Since the Australian dollar floated in 1983 the general perception was that fair value was around $US0.70 and most fair value models for the $A constructed over this period confirmed this (as would be expected). However, it’s likely this relatively narrow period of history misses the longer term perspective and the changed reality facing Australia. Back in 1901 the equivalent of one Australian dollar bought $US2.40 and for most of the last century the $A was above parity against the $US. The long term slide in the $A between 1901 and 2001 reflected a combination of soft commodity prices (which adversely impacted Australia’s terms of trade) and a perception of Australia as a mediocre, inflation prone “old” economy.  See next chart.

Source: Thomson Financial, AMP Capital Investors

However, these drivers have now all turned around. Commodity prices are in a long term upswing, Australia is seen as well managed with inflation under control and interest rates are relatively high, in part reflecting a potentially higher return on capital. In fact, back in the early 1950s when Australia’s terms of trade (the ratio of export prices to import prices) was around current high levels, the equivalent of one Australian dollar bought $US1.12.

Source: RBA, Thomson Financial, AMP Capital Investors

In short, it is likely the sub-parity period from the 1980s was the aberration for the $A, and the improvement in Australia’s relative fundamentals suggest it is likely the $A is going to settle above parity against the $US. Forecasting currency levels is an impossible task but I would suggest an average around $US1.10 is likely in the years ahead, unless the global economy collapses anew.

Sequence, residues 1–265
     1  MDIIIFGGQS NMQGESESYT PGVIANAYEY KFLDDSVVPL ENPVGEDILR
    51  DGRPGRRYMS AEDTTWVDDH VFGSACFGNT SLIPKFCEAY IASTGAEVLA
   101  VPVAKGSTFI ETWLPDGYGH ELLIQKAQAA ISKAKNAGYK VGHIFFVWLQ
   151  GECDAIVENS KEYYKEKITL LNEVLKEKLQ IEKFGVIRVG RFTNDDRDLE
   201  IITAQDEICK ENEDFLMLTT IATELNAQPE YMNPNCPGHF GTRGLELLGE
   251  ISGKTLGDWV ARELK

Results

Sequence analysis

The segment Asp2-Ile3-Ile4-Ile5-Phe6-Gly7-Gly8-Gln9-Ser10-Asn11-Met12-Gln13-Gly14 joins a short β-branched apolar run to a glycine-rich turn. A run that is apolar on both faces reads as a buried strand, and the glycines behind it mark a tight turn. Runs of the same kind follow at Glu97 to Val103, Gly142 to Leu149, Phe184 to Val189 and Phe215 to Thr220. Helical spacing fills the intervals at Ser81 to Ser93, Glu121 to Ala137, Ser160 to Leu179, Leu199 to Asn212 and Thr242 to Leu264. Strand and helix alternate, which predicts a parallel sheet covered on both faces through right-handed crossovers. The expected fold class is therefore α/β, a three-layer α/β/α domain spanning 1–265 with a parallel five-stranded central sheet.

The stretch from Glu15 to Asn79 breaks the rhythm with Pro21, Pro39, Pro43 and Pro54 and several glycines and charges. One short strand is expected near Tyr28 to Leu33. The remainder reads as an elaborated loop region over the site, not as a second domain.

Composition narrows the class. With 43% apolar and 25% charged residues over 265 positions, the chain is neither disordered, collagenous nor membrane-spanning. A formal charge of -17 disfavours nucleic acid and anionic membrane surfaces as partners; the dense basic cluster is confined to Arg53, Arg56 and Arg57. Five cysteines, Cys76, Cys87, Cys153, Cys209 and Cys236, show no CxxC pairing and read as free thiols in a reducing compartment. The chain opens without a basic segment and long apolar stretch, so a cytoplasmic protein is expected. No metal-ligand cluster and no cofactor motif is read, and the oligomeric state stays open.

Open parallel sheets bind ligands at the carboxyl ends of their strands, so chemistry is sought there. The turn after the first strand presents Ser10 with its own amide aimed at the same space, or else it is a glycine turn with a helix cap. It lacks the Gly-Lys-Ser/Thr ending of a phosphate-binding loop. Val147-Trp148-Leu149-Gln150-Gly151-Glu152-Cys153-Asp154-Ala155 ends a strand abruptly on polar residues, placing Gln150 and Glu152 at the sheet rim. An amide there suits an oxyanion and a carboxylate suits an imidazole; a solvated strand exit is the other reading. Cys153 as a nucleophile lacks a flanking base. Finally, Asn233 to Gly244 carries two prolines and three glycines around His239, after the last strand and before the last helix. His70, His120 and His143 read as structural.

The impact of a rising $A on the economy and shares

The strong $A is great news for Australian consumers as it will result in lower prices for imported items. Imports account for nearly 30% of consumption goods, notably things like cars, clothing, petrol and many electrical goods. This in turn is likely to take pressure off inflation and reduce the extent to which the RBA will raise interest rates.

For the broader economy and shares, a strong $A is often seen as bad news as export and import competing companies become less competitive. It’s much easier to identify companies that will lose from a rising $A via the impact on their earnings (such as resource stocks, multinational industrials, steel makers and various health care stocks) than to identify companies that benefit because of lower import costs (like some retailers and the airlines). With around 30% of listed company earnings sourced overseas, a 10% rise in the $A will mechanically cut earnings by about 3%. This would suggest a rising $A is bad the Australian share market.

However, the problem with this approach is that historically, the actual relationship between the $A and the Australian share market is ambiguous (see the next chart). In fact, in recent times a strong $A has gone hand in hand with economic strength, eg, over the 2003-07 period, and a weak $A has correlated with economic weakness, such as in the second half of 2008.

Source: Thomson Financial, AMP Capital Investors

The reason is because while a rise in the $A is a dampener for company profits on its own, it’s normally associated with strong economic growth which is good for profits. This explains, eg, why the performance of resource shares correlates strongly with the $A, contrary to what an analysis of the $A’s impact on their earnings suggests. Its also worth noting that periods of $A strength are normally positive for the relative performance of small caps because they are cyclical, have less offshore exposure and benefit more from lower import costs.